20 May Check out these 5 Japanese innovations that changed everything
From the damage inflicted by the end of World War 2, Japan rose from the ashes of conflict to become one of the biggest capitalist success stories. And few countries have done more to totally define the way the world accepts and uses technological innovations.
So many of the pieces of everyday tech we take for granted today started life in Japan. From the laptop you’re typing on to the emojis sent in text messages, so many of today’s tech started as Japanese innovations.
How Japanese innovations have always been game-changers
For example, Japanese tech giant Toshiba was the first company to manufacture laptops for mass market consumers back in 1985. Emojis on the other hand, started life in Japan in 1998. Defined as a ‘small digital icon used to express an emotion or idea within electronic communication’, emojis now constitute a new language that is widely accepted around the world.
Emojis were invented by Shigetaka Kurita when he was working at a big Japanese mobile comms company called DoCoMo. They took off in Japan first before rapidly spreading throughout the world.
And, according to an analysis of the most innovative companies and countries by Forbes, Japan boasts around 10% of the most innovative companies in the world. Despite this, over recent years, Japan has been rather overlooked in terms of its contribution to technological innovation. Attention usually goes to places like Silicon Valley, but if we look back at some of the biggest tech breakthroughs the world has ever seen, they all come from Japan.
5 major Japanese innovations of the past 60 years
- The bullet train
Launched in October 1964, the first bullet train slashed the journey between Osaka and Tokyo (the two biggest Japanese cities) from an entire working day to just four hours. The first bullet train was called Hikari No 1 and it changed the game for travel everywhere.
The first bullet train (shinkansen) in the world, the Hikari No 1 could reach speeds of up to 210 km/hr (125 miles/hr). In 2021, the same journey now takes just a bit longer than two hours thanks to even more technological innovation.
In 2015, the Japanese Railways Group (JR) pushed the tech envelope once again by breaking the world record for railway speed with the L0 Series maglev train. In development for a number of years, it reached a speed of 603 km/hr (375miles/hr).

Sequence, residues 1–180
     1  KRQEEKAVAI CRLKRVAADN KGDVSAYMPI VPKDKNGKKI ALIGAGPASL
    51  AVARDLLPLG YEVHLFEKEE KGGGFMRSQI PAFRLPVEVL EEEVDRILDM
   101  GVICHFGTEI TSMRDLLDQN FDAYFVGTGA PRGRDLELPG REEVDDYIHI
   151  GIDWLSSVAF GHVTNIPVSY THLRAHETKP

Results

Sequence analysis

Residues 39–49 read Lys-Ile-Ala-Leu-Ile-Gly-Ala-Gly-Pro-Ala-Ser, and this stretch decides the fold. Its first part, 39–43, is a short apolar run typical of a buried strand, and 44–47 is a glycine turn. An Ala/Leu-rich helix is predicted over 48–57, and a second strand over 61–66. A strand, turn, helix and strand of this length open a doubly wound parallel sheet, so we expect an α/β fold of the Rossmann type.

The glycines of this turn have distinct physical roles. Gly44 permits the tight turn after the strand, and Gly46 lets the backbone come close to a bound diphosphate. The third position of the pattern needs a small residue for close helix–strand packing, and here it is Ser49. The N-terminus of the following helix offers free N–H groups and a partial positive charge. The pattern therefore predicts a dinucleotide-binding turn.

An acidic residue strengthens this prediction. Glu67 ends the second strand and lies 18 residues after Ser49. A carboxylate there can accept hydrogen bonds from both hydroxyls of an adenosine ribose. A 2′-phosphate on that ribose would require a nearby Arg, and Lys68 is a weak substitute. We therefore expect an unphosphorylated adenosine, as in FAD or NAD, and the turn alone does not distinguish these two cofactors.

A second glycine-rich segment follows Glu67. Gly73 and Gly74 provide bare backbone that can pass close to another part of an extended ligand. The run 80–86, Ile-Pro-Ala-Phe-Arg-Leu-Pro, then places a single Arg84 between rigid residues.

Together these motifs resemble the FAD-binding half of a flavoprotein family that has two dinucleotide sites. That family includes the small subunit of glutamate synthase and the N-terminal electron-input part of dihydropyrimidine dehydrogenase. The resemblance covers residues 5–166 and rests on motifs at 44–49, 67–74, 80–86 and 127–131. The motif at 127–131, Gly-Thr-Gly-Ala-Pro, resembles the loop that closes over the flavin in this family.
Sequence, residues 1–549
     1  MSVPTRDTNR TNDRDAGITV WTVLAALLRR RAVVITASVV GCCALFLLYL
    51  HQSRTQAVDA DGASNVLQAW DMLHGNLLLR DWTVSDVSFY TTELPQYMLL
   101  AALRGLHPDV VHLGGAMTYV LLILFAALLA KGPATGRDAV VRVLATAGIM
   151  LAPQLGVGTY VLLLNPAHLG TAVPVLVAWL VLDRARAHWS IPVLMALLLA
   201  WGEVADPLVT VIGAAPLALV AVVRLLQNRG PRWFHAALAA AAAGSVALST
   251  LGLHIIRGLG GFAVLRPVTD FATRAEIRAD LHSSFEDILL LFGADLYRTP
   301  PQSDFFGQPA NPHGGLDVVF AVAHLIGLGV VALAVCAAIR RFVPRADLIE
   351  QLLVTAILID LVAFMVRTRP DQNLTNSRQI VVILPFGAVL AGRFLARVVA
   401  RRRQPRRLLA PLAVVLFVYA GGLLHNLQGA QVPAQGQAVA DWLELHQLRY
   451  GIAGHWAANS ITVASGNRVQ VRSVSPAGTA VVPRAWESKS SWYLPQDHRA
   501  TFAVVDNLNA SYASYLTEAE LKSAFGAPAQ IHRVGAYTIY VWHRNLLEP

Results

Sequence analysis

By 2027, a levitating bullet train will cut the journey time once again to about an hour. This is JR’s next plan for integrating super-fast trains into everyday transport. They are currently carving a route between Nagoya and Tokyo, which will eventually stretch to Osaka. The Linear bullet train will travel at a speed of 500 km/hr (311 miles/hr), which will mean people can travel between Osaka and Tokyo in just 67 minutes.
- The pocket calculator
It’s hard to imagine a world without a calculator at hand. Today’s children will never know the ways of pre-calculator calculations, and when Japan introduced the pocket calculator in 1970, the world changed.
Today, we use calculators on our wrists and smartphones without giving them a thought. In 1970, it was a major innovation. While most major economies were working on some form of calculating computer, it was the Japanese company Busicom that got the first mobile calculator using a chip to market.
More of a desktop calculator by today’s standards the Mostek MK6010 quickly gave way to a much smaller, more compact version called the LE-120 Handy. This used an innovative Light Emitting Diode (LED) display and needed four AA batteries to run. And the pocket calculator was here.
- The Sony Walkman
A game changer for music-lovers everywhere, we shouldn’t underestimate the era defining Walkman. Before the Walkman was launched in 1979, there was no way to listen to music of your choice on the go. While you could have carried a transistor radio with you, it’s no substitute for your very own music selection.
The Walkman revolutionised the way the world buys, consumes and shares music in a way that is probably more important than even the iPod. Made by Japanese company Sony, the Walkman became an instant classic for people everywhere in the world. Tapes ruled the sales charts for years, kicking LPs into the long grass until their revival in the 2000s.
And while today, everyone streams their music or uses fancy hardware if they want to go old-school, for children who grew up in the 1980s, the Walkman will always reign supreme.
- Blue LED
By the early 1990s, the world needed a more energy efficient way to consume visual media and light the world. And three Japanese scientists came up with the answer. Shuji Nakamura, Hiroshi Amano and Isamu Akasaki began the new age of lighting when they used semi-conductors to produce blue LED light.
Soon blue LED was incorporated into everything from TVs and computers to smartphones and lightbulbs that save loads of energy. So important was this leap of technology that the three scientists were awarded the Nobel Prize for Physics in 2014.
Not so long ago the idea of androids (defined as robots that look, talk and make the same actions and choices as humans) was still firmly in the realms of futuristic sci fi. But in 2003, a team of researchers based at Osaka University’s Intelligent Robotics Lab launched the very first android.
Called DER-01, this was the first truly human-like robot in the world, complete with blinking, breathing and talking functions. And while androids aren’t yet ubiquitous, they are creeping into daily life more and more. In 2015, a Nagasaki hotel entirely staffed by androids opened.
I have no doubt that in 20 years we will look back to see that Japan was responsible for a raft of new major technological innovations that changed our world yet again.